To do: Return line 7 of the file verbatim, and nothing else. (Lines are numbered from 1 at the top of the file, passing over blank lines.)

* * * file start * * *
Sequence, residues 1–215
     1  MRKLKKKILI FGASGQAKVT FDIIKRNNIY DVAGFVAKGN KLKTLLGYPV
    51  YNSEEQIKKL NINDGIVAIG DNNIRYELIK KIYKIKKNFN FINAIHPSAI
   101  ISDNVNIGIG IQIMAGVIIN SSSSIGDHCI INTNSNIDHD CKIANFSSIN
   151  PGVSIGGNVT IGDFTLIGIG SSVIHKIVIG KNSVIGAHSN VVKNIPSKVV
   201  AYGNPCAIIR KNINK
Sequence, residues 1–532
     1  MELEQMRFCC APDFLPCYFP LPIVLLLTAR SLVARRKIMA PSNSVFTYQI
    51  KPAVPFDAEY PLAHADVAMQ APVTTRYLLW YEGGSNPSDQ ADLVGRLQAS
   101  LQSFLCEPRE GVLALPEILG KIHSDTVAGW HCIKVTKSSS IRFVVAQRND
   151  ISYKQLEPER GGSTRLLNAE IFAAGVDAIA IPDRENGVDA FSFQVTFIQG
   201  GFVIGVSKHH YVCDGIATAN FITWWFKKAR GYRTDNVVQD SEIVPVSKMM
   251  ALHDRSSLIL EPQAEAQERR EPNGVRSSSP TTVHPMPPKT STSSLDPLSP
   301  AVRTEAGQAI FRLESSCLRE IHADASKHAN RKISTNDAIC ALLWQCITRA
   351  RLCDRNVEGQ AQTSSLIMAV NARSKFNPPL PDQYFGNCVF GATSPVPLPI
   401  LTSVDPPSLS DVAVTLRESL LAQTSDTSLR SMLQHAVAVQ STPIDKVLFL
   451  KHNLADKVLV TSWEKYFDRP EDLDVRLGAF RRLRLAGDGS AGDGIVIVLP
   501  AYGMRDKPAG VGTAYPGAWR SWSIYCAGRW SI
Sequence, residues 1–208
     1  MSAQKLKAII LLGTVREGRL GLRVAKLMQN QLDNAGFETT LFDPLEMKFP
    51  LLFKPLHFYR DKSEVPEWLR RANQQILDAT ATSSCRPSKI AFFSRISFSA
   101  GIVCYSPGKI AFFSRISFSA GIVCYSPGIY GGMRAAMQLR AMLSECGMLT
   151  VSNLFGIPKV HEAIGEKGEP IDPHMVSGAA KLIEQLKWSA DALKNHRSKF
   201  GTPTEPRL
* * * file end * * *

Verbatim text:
Sequence, residues 1–532